Jesus He Knows Me"Jesus He Knows Me" is the second track on the 1991 Genesis album We Can't Dance and its fourth single. The song is a satire of televangelism, released in a period when several televangelists such as Jimmy Swaggart, Robert Tilton and Jim Bakker were under investigation for promising financial success to their listeners, provided they sent money to them. The song reached No. 10 in Canada, No. 20 in the United Kingdom and No. 23 in the United States.
BackgroundBefore the lyrics were added, the song's title was "Do The New Thing", possibly referencing Tony Banks's opening keyboard notes, which are heard again in the bridge. According to the behind-the-scenes documentary Genesis: No Admittance, the first lyric Phil Collins wrote out of improvisation was the chorus line "Jesus, he knows me, and he knows I'm right.". Following up that lyric logically took him to the idea of manic or fanatic Christians who believe that they are "in touch" with the Almighty, which was best personified by televangelists, many of whom finance their lavish lifestyles by conning believers out of charitable donations. Tony Banks has commented that the song is a bit more cynical than Phil's usual style of songwriting.
ReleaseLike all the singles from We Can't Dance, "Jesus He Knows Me" was released on two CDs as well as on vinyl editions. All formats featured the non-album track "Hearts on Fire" (later included on Genesis Archive No. 2 1976–1992) as the primary B-side, while both CDs included an exclusive track.
The first CD contained "I Can't Dance (The Other Mix)" (a remix by Ben Liebrand) and the second featured "Land of Confusion (Rehearsal Version)." "The Other Mix" is named as such because another version, the "Sex Mix," had been released some months before on the "I Can't Dance" CD single. The second CD was the fifth disc in "The Invisible Series," a collection of Genesis CDs which featured live recordings as extra tracks. The single mix of "Jesus He Knows Me" has a louder chorus than the album version, making it more suitable for radio play.
Live performancesThe song was performed live on the 1992 We Can't Dance tour, although it was originally not going to be played because the band thought the live visuals were mocking religion. The band eventually decided to perform "Jesus He Knows Me" instead of "Living Forever," which was in the setlist at the time.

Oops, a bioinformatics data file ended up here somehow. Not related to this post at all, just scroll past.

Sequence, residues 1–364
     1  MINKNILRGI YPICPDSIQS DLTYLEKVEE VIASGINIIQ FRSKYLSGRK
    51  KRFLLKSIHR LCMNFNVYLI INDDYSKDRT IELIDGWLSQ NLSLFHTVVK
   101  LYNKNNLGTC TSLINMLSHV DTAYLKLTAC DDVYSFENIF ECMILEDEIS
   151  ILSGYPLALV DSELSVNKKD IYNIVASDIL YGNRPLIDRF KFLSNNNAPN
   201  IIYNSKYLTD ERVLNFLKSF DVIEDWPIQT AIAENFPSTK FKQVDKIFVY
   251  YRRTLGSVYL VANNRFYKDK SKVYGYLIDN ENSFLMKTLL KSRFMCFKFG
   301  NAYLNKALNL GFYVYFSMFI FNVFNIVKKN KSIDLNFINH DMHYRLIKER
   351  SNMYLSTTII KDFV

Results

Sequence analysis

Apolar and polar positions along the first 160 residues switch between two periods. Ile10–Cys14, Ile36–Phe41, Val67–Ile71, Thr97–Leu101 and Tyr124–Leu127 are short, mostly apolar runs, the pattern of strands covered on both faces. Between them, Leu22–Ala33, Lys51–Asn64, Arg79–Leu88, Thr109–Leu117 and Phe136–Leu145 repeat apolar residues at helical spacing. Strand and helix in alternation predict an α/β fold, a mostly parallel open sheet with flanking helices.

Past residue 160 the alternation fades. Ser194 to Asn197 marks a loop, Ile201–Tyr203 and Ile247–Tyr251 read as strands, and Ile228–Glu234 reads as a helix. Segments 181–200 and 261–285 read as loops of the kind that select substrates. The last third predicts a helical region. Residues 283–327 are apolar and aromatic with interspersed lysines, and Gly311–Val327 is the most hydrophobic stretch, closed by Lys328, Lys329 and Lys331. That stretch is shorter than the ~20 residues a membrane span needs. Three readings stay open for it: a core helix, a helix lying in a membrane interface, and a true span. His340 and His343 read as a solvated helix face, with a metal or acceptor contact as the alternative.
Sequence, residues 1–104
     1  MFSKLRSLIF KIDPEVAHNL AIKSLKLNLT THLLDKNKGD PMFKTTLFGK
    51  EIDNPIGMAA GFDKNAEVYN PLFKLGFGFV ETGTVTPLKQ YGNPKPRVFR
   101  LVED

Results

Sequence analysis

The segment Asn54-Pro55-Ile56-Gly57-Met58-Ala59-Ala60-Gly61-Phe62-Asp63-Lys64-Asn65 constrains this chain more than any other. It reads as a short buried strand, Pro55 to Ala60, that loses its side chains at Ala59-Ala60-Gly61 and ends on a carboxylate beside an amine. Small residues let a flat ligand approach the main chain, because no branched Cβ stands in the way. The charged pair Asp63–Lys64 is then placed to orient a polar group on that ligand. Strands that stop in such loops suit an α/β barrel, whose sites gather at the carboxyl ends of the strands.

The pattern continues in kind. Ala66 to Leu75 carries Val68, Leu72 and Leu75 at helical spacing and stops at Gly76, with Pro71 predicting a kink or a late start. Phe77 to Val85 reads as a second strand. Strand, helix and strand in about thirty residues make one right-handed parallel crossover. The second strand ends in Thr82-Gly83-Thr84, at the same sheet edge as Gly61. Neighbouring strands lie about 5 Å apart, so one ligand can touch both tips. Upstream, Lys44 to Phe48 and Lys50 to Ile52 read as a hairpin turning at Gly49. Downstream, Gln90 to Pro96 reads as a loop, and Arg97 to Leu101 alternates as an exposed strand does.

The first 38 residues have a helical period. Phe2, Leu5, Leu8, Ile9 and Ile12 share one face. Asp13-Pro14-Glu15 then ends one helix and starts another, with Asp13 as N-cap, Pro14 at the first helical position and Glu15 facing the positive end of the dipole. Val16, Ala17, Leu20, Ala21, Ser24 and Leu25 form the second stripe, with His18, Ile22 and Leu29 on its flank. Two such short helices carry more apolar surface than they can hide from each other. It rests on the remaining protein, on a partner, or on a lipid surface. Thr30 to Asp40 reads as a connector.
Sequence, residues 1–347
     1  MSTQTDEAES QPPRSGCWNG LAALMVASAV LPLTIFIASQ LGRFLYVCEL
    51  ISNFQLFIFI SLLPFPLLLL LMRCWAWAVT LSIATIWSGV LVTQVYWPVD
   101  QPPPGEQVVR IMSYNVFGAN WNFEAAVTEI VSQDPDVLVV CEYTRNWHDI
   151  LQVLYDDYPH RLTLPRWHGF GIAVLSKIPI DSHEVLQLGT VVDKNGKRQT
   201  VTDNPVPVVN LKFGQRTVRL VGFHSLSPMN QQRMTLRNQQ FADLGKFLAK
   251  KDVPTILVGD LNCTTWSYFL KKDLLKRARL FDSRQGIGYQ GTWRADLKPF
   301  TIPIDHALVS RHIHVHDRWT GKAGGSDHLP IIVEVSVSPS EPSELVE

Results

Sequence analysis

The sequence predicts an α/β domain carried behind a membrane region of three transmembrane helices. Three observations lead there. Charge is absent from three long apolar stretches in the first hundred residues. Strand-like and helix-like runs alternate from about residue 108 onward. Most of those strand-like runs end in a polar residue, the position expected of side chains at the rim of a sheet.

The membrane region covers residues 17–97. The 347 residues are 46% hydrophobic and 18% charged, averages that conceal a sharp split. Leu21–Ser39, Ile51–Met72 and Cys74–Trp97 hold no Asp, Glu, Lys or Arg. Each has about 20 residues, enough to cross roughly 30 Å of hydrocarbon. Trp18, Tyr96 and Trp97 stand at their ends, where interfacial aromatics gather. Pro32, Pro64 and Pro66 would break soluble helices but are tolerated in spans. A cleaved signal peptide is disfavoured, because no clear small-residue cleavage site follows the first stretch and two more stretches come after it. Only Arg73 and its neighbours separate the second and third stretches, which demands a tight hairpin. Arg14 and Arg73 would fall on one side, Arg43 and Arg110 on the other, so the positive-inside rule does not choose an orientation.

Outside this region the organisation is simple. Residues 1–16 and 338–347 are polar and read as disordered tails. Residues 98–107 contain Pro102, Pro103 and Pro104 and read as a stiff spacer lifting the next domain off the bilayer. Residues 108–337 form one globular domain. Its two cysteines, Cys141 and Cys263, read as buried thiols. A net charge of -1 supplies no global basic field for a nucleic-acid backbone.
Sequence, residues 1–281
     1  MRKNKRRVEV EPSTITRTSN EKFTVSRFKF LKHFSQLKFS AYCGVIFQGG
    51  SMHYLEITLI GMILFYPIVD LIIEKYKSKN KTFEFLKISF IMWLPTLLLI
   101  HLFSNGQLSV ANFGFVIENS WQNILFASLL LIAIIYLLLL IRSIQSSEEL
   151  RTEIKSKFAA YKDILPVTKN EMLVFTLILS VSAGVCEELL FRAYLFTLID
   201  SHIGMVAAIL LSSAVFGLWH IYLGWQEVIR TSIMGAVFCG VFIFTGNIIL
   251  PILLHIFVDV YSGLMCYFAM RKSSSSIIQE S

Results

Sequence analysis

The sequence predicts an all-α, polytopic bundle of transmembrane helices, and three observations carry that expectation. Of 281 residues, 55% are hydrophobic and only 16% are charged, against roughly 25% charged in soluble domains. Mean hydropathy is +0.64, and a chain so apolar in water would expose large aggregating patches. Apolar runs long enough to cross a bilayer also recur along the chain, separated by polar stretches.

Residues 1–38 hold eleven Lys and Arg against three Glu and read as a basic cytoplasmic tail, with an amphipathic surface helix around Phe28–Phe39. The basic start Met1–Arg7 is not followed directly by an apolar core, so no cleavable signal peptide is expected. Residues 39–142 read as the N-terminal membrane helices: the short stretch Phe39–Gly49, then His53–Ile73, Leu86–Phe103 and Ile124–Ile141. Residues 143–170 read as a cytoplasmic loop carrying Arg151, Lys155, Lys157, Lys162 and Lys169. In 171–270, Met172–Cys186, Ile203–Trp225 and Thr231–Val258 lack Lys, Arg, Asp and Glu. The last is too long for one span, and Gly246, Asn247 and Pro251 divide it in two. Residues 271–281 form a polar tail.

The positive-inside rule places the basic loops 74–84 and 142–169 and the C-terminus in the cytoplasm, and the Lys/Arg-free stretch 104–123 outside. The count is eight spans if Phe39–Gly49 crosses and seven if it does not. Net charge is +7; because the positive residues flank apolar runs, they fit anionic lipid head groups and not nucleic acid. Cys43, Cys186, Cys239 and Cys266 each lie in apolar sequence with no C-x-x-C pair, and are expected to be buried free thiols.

Music videoThe video features singer Phil Collins as an unscrupulous televangelist who lives like a millionaire thanks to donations from his followers. Collins has admitted that he was specifically parodying Ernest Angley in the video. According to Collins on the BBC show Room 101, Angley was flattered by the parody and did not realize that his very occupation was being skewered. The opening monologue, which has been mistaken for a fictional scenario for the video clip, is based on an actual story Angley had told years before, and which he recounted again in 2013. The comedic video also features fellow band members, keyboardist Tony Banks and guitarist Mike Rutherford, as fellow evangelists. Collins, outfitted in an orange suit, tries to have his viewers raise $18,000,000 in one weekend because "the Lord told it to him." In the final minute on the video, money is thrown by parishioners and also rains down on the set of the fake program. As the toteboard reaches his goal, the amount of money shown increases to $18,000,000. As the song fades out, Collins continues to preach before being dragged off the set by Rutherford and Banks, harking back to the clip to "I Can't Dance".
In the video near the 1:40 mark people can be seen holding a sign reading "Genesis 3:25," referring not to the Bible but to the fact that the band had been together for twenty-five years and had had three members for most of that time. (The band formed in 1967, but the video was filmed in 1992, although only Banks and Rutherford had been in the band since the beginning.) Some observers, not understanding this reference, believed the sign to be an error or a joke, as the third chapter in the Book of Genesis has only 24 verses.
In the original version of the video, the "toll-free number" referred to in the lyrics was shown as 1-555-GEN-ESIS. This was covered up by a scroll bar in later edits of the video. (The 555 area code actually does not prefix any known toll-free telephone numbers.)
Throughout the clip, Collins is shown on the covers of several fictitious magazines with religious names which spoof actual publications, such as "Spirit Illustrated," "Rolling Souls," "MITE" (an anagram of TIME) and "God's Housekeeping."
At the Brit Awards in 1993 the video was nominated for British Video.
On the version of the clip used on Genesis' official YouTube channel, the album mix of the song, without the preaching monologues from Collins, is used, with the video fading out with the song. Different footage is also used when Collins sings "But she don't know about my girlfriend / Or the man I met last night". The 1-555-GEN-ESIS scene is retained unedited.
Use in media"Jesus He Knows Me" was featured in the 1996 Belgian film Le huitième jour by Jaco Van Dormael. The song was originally intended to be used in the 1995 The Simpsons episode Bart Sells His Soul, but as the producers could not obtain the rights to use it, "In-A-Gadda-Da-Vida" by Iron Butterfly was used instead.
Track listingsCD maxi # "Jesus He Knows Me" (single mix) – 4:18 # "Hearts on Fire" – 5:15 # "I Can't Dance" (the other mix) – 6:00
CD maxi # "Jesus He Knows Me" (single mix) – 4:18 # "Hearts on Fire" – 5:15 # "Land of Confusion (rehearsal version) – 4:58
7" single # "Jesus He Knows Me" (single mix) – 4:17 # "Hearts on Fire" – 5:15